On the audio front, there’s a built-in stereo mic, external mic input, and a headphone jack for audio monitoring.

The D750 will ship this month for $2,295, body only. A kit including the 24-120mm lens will ship in October, though pricing wasn’t announced.

More Gear

AFS_20_1.8G

In addition to the the D750, Nikon added  the AF-S Nikkor 20mm f/1.8G ED wide angle full frame lens to its lineup. It’s the company’s first wide angle lens with an f/1.8 aperture. It features a seven blade diaphragm, two ED elements, two aspheric elements and a 77mm filter size. It will ship in September for $799.

Finally, there will also be a new speed light in the Nikon lineup. The SB-500 has a guide number of 24 at ISO 100 and covers a 16mm angle for full frame cameras (24mm for DX sensors) with a head that swivels vertically at a 90 degree angle and rotates at 180 degrees. It incorporates a 100lux LED for video lighting and accepts a pair of AA batteries. It will also ship in September for $249 with a small stand so you can mount it to a tripod or on a table top for off-camera use.

SB500_front34r

June 26th, 2014

Nikon Unveils 36.3MP, Full-Frame D810 Pro DSLR with No Optical Low Pass Filter (Hands-on Preview)

Nikon-D810-(front)-webNikon took the wraps off its latest professional digital SLR this morning: the 36.3MP, full-frame D810, which uses no optical low pass filter (OLPF) in an effort to optimize resolution and increase sharpness and dynamic range.

We got some hands-on time with an early version of the Nikon D810, which is designed to replace both the D800 and D800E models from 2012.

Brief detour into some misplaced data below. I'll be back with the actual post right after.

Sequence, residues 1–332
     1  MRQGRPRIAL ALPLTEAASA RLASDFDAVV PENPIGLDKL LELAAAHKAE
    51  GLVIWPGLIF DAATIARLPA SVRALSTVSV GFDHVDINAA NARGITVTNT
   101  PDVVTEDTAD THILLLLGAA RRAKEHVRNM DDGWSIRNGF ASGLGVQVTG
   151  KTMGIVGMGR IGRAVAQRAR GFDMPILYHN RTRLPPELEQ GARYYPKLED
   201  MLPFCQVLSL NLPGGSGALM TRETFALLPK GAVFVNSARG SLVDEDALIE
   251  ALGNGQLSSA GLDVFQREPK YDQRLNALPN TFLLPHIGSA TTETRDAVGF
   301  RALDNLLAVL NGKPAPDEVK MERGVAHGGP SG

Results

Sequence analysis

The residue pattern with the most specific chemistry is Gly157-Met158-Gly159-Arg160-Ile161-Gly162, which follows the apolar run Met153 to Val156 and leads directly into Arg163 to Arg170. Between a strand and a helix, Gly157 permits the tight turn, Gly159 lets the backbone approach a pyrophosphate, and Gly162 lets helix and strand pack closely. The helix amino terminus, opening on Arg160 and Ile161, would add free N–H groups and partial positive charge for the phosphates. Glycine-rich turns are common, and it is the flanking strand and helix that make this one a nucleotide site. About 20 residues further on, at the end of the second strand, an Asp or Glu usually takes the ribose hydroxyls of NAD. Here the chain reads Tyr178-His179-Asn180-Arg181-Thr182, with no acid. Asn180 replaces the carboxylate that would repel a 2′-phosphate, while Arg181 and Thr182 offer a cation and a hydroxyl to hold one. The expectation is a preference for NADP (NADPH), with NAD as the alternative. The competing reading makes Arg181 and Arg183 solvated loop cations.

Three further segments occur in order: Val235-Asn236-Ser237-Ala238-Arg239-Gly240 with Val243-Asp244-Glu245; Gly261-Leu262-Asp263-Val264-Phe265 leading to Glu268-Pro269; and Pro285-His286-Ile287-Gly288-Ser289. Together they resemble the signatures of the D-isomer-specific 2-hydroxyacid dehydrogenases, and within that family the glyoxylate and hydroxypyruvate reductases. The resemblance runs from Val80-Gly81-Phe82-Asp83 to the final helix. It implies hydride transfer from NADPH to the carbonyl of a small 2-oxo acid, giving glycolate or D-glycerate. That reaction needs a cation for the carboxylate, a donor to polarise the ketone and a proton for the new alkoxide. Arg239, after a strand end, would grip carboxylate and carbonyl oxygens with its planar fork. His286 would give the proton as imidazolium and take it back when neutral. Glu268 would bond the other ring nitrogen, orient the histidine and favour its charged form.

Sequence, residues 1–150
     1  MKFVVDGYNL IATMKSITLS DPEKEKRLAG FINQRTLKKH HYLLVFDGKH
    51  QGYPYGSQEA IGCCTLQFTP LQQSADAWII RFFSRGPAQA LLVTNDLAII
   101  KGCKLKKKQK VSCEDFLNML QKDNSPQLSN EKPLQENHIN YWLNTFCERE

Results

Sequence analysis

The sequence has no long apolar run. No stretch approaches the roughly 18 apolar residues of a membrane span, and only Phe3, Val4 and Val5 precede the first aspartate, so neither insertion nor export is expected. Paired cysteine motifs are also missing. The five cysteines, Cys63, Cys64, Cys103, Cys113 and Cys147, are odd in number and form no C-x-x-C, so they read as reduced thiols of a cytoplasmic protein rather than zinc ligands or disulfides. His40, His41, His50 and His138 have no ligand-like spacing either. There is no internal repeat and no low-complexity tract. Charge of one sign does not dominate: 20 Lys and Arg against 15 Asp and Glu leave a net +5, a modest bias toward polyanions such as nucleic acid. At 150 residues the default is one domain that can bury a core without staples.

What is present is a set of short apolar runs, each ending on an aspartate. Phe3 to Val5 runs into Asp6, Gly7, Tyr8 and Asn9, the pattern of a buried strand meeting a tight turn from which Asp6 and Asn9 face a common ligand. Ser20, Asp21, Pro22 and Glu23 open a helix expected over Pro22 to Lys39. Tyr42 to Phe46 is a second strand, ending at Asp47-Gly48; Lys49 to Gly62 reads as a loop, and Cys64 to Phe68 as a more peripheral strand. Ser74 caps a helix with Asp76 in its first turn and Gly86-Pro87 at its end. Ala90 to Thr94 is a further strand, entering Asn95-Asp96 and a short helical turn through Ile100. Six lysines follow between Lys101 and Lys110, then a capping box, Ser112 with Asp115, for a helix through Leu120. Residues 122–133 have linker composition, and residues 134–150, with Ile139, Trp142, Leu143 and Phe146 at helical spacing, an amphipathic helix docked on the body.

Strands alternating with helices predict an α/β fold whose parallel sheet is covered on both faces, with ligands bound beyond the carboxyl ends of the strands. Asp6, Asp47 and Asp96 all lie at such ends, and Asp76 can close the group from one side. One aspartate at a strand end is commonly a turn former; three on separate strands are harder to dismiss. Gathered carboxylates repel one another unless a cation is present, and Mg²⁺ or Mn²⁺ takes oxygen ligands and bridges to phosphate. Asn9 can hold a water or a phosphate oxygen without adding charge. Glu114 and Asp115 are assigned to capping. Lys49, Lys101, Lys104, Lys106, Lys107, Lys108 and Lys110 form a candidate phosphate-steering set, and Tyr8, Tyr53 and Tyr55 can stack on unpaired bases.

The 35mm-sized, CMOS chip in the Nikon D810 has the same resolution as the sensors in the D800/E models, but a Nikon representative we spoke with during our hands-on time with the camera said it has been “newly designed.”

He stopped short, however, of calling it a brand new chip.

The Nikon D810 will go on sale in late July for $3,299.95 (body only), which is about $300 more than the D800 debuted at in 2012, but the same price as the D800E. The first two images of the D810 in this story were shot during our hands-on time with camera; the rest were provided by Nikon.

Read more of this story about the Nikon D810 and see more images here.

March 5th, 2014

New Pro Cameras and Lighting Gear Debut at WPPI Show in Las Vegas

Nikon-D4S-1I’ve been pounding the WPPI show floor in Las Vegas this week for our sister publication, Rangefinder magazine, covering what’s new in the world of photography gear. Here’s a rundown of some of the highlights from WPPI, which saw quite a few new pro cameras debut in the U.S. at the show.

Follow the links for the full posts on Rangefinder’s blog, Photoforward.

(more…)

February 24th, 2014

Nikon Announces Details for New 16.2MP D4S Flagship Full-Frame Digital SLR

Nikon-D4s_58_1.4_front-1Nikon unveiled its new D4S flagship digital SLR tonight, which seems, on paper, to be a minor upgrade to the previous model. (PDN was pre-briefed on the Nikon D4S, under NDA, prior to tonight’s launch but we were not given any hands-on time with the camera.) Like the D4, which was introduced in 2012, the new D4S uses a 16.2-megapixel, FX-format (full-frame) sensor, which Nikon describes as “newly designed.”

The revamped imaging chip in the D4S has an expanded ISO range, going all the way up to ISO 409,600 (Hi-4), which should be able to let it capture visible subject matter in near total darkness for forensic photography and other scientific applications. That extremely high ISO range could also, potentially, have photojournalistic applications such as war photography when flash is not permitted or advisable.

The Nikon D4S also has a new EXPEED 4 image processing engine designed to cut down on image noise when shooting at high ISOs in low light, and for better HD video quality and improved overall performance speed. The Nikon D4S can shoot at 11 frames per second with full autofocus (AF) and auto exposure (AE). (The previous camera could shoot at 11fps but AF and AE were locked on the first frame.) Nikon says the D4S has an “overall 30% increase in processing power.”

The Nikon D4S first premiered, under glass, at the Consumer Electronics Show (CES) in Las Vegas in January, but details about the camera were not officially announced until tonight.

Read the rest of this story and see more photos of the new Nikon D4S here.